21.2 C
Wednesday, October 5, 2022
Arts: Family is focus for ‘Labour of Love’ exhibit at RiverBrink
One of the exhibits pieces of photography.
One of the exhibits pieces of photography. Supplied

Debra Antoncic
Special to The Lake Report

If you are looking for a special outing this summer, make time for a visit to RiverBrink Art Museum in Queenston.

The current exhibition, Labour of Love, features photo-based work by St. Catharines artist Danny Custodio.

The exhibition is a retrospective and looks back to the artist’s early explorations of family in Toronto’s Portuguese community, continues through his move to St. Catharines in the mid-2000s, and culminates in a recent series titled Potions.

The artist’s preoccupations with the immigrant experience in Canada, with family, and labour, link the various themes in the exhibition.

Drawing on his lived experience, and working around and with members of his family, Custodio charts the effects of distance and displacement, of individuals forced to leave their home country for both temporary employment and permanent resettlement.

These themes, explored in earlier work, have been carried forward to a new series of work produced with his young children, the next generation.

The reality of migration resonates with a second-generation Canadian and informs series such as Ships (2010 ongoing), for which Custodio photographed workers of diverse national origins onboard ships in the Welland Canal.

In other series in the exhibition, the global experience of migration, prompted by aspirations of safety, security, and prosperity, bump up against the reality of hard physical labour.

Images of trees that have been forcibly shaped to conform to the presence of overhead wires, workboots caked in tar and a lush backyard fig tree, are rendered with an eye to aesthetics.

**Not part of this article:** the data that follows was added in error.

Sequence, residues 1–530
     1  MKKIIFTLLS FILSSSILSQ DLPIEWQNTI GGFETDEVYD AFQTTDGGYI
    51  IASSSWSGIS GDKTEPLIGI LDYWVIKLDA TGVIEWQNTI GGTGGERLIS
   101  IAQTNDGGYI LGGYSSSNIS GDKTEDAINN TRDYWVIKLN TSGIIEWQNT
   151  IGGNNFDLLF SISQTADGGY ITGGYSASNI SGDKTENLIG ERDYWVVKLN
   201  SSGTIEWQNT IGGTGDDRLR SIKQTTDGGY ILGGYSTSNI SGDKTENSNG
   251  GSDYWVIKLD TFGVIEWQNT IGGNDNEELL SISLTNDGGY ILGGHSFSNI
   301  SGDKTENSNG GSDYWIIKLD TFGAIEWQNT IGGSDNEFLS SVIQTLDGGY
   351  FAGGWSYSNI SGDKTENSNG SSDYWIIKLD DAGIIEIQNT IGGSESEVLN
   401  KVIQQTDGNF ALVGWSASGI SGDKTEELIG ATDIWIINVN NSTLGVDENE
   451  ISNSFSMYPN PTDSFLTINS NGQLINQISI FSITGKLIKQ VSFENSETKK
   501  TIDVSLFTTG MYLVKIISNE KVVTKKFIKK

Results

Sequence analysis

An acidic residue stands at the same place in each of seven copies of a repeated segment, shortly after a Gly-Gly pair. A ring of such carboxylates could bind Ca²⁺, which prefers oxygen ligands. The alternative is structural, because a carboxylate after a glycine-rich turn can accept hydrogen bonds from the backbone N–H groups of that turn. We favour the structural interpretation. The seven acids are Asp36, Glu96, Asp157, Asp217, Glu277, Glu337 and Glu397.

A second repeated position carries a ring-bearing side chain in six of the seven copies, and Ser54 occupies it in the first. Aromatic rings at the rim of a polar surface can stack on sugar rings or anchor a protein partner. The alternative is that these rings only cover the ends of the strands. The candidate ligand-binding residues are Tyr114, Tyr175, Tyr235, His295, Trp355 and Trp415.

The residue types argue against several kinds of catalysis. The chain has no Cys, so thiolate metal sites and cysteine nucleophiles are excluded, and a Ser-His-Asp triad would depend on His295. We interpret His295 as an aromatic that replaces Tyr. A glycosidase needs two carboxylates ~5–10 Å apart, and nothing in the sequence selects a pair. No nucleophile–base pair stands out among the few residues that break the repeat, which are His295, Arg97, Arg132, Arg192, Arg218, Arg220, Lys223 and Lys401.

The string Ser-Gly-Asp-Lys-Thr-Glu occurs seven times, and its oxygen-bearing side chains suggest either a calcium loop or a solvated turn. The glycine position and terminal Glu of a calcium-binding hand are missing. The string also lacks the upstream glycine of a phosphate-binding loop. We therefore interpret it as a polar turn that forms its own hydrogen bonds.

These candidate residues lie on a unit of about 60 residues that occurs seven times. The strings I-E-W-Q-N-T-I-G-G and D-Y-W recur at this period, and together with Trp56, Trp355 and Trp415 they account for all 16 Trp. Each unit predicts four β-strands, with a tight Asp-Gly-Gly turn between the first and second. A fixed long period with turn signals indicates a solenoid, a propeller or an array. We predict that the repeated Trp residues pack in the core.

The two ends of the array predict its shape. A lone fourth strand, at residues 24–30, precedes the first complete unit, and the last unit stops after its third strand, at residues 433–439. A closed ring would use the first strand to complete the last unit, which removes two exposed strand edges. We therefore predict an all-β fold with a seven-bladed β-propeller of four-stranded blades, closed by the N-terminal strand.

But these are the realities and materials of blue-collar labour familiar to “new Canadians,” including the men and women in Custodio’s immediate family, who found work in roofing, construction, road building, agriculture and the garment industry.

In other series, Custodio expands on this personal history by embracing traditional Portuguese motifs and materials. Series based on tile mosaics (azulejos) and flower carpets (tapetes floridos) have their roots in traditional cultural practices, transported from Portugal (specifically the Azores) to Canada and adapted by the artist through the medium of photography.

From working initially with members of an older generation of men and women and the wider experience of displacement and settlement in Toronto, Custodio has more recently transitioned to a project with his young children.

For the Potions series (2019 ongoing), Custodio worked with his children and their neighbourhood friends to assemble plant materials into whimsical, colourful, visual concoctions.

A large circular pot filled with twigs and bark, leaves and flowers, ice and snow, suggest the imaginative play children engage in while exploring the natural world.

The titles of the potions add an additional layer of whimsy, playfully recalling the incantations and spells of storybook characters and fairytale plots. Bright flashes of colour and a diverse range of plants substitute for a needle, a red apple, a chorus of mice.

Playful and yet deeply serious, this recent body of work conveys the hopeful aspirations for the next generation, safe and secure in a new home.

The exhibition continues to Aug. 28.